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With the Sixth Circuit Having Dissolved the OSHA ETS Stay, Employers With 100 or More Employees Face Looming Deadlines to Implement Mandatory “Vax or Test” Policies

On December 17, 2021, the U.S. Court of Appeals for the Sixth Circuit dissolved the Fifth Circuit’s stay of the OSHA COVID-19 Emergency Temporary Standard (ETS), which imposes vaccinate or test requirements for private employers with 100 or more employees.  Almost immediately afterward, a coalition of trade groups filed an emergency appeal to the U.S. Supreme Court requesting a stay pending Supreme Court review.  For now, however, (unless the Supreme Court issues one) there is no judicial stay preventing implementation or enforcement of the ETS.   

According to OSHA’s ETS website, to account for the uncertainty created by the litigation, OSHA is exercising “enforcement discretion” with respect to the compliance dates of the ETS.  Specifically, “[t]o provide employers with sufficient time to come into compliance, OSHA will not issue citations for noncompliance with any requirements of the ETS before January 10 and will not issue citations for noncompliance with the standard’s testing requirements before February 9, so long as an employer is exercising reasonable, good faith efforts to come into compliance with the standard.  OSHA will work closely with the regulated community to provide compliance assistance.”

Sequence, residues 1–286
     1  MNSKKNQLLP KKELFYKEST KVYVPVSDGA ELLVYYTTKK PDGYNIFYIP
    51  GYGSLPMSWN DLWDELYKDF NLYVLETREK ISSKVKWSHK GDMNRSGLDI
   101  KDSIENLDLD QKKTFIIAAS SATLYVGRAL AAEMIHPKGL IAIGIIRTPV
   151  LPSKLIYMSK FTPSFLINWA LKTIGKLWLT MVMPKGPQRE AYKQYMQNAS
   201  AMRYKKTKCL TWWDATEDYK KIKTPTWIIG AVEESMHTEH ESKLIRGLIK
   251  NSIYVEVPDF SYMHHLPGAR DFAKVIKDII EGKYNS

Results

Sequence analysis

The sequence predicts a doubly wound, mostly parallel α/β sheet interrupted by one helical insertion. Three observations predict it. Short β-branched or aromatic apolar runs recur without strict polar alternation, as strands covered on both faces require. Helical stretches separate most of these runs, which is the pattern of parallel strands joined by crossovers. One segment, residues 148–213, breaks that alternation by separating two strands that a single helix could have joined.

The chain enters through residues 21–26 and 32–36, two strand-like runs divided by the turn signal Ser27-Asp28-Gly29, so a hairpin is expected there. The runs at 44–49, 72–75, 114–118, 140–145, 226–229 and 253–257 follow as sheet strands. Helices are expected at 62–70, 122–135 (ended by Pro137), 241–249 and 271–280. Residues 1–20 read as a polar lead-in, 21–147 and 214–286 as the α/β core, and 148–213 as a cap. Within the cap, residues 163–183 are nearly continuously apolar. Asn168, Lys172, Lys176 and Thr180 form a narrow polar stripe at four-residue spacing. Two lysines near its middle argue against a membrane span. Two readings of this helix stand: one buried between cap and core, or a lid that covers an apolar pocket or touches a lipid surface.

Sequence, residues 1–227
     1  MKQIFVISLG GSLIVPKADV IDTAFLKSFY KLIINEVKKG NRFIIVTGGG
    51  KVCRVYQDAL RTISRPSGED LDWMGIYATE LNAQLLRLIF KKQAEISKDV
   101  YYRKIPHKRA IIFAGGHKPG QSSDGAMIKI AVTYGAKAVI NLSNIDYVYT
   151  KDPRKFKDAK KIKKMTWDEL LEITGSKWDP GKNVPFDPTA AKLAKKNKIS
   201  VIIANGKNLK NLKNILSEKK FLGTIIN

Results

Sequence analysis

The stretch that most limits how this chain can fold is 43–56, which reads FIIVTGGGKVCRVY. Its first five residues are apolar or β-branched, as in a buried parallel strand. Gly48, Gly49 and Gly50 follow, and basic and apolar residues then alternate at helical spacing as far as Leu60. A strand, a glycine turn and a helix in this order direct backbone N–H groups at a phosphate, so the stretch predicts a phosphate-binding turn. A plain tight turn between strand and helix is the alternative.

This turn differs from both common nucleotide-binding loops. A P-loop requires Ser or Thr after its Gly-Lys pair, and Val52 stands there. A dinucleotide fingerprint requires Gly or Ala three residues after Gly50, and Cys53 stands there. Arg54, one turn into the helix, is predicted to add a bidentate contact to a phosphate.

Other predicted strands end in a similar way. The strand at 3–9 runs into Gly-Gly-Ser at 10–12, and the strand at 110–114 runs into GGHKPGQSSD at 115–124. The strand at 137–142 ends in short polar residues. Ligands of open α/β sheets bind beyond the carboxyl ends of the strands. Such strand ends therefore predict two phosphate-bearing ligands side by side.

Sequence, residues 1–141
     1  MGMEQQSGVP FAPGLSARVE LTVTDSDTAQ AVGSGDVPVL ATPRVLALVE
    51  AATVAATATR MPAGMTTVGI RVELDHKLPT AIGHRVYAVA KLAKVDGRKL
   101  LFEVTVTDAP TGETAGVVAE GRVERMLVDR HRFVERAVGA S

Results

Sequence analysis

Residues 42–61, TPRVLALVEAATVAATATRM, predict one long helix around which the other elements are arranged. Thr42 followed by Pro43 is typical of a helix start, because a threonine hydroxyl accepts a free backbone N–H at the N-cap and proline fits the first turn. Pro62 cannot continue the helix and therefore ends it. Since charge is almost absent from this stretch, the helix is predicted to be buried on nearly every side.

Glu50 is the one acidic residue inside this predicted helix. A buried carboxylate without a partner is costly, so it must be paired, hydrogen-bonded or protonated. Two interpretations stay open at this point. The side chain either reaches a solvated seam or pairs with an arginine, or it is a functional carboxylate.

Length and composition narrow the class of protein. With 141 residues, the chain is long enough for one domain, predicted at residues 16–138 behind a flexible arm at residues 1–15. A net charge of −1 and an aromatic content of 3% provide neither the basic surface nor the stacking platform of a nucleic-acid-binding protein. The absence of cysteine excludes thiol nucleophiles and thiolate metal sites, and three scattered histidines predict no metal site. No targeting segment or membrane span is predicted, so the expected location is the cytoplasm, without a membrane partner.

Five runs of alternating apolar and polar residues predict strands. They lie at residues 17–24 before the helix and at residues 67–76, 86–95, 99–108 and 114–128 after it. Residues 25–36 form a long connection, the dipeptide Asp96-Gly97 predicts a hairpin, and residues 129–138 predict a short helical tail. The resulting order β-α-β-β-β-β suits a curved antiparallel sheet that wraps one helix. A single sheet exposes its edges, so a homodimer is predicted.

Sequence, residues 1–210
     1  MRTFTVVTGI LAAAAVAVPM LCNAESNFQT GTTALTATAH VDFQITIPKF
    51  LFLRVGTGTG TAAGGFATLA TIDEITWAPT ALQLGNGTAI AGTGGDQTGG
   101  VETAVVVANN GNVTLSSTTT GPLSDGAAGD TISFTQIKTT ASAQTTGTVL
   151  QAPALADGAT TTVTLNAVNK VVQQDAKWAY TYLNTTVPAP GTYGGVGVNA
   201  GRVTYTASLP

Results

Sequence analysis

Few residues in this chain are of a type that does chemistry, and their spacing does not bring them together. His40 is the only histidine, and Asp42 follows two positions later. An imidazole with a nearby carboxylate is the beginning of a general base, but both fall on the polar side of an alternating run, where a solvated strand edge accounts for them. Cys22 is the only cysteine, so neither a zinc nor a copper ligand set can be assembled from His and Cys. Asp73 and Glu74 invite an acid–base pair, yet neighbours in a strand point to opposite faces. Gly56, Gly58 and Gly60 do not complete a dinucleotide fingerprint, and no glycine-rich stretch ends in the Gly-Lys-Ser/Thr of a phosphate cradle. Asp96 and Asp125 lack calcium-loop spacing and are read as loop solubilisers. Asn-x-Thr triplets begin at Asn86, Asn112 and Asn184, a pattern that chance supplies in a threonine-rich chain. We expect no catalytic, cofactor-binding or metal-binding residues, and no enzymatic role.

See: https://www.osha.gov/coronavirus/ets2

As background, recall that OSHA released the ETS in November 2021.  Several states, employers, labor unions, and individuals then filed suit challenging OSHA’s authority to issue the ETS.  Thereafter, the Fifth Circuit stayed the ETS pending further judicial review.  The Fifth Circuit held the ETS faced fatal statutory and constitutional issues because the pandemic does not meet the emergency standard of having “substances or agents” that are “toxic or physically harmful” and does not pose a “grave danger.”

In dissolving the Fifth Circuit stay, the Sixth Circuit held that OSHA has clear authority to regulate viruses and infectious diseases, as it has done in the past when implementing and enforcing regulations relating to bloodborne pathogens, needlesticks, etc.  The court noted that OSHA’s purview is not confined to “hard hats and safety goggles.”  The Sixth Circuit also held that the circumstances of the COVID-19 pandemic warranted the ETS.

Within hours of Sixth Circuit’s Order, a coalition of trade groups filed an Emergency Application for Immediate Stay of Agency Action Pending Disposition of Petition for Review, directed to the U.S. Supreme Court.  The coalition asked the Court for expedited review and to stay the ETS pending resolution of that review. 

While it’s impossible to predict what the Supreme Court will do, it is likely it will grant review given the conflict between the Fifth and Sixth Circuits and because the implementation and enforcement of the ETS certainly constitutes a matter of great public significance.  That does not, however, mean it’s likely the Supreme Court will stay the ETS pending any such review. 

Despite the uncertainty, with the new January 10 and February 9 deadlines just around the corner, Employers would be well advised to continue to develop COVID-19 programs to comply with the “vaccinate or test” ETS mandate, including collecting employees’ vaccination status, drafting a compliant policy, and establishing a testing protocol (if offering employees that option).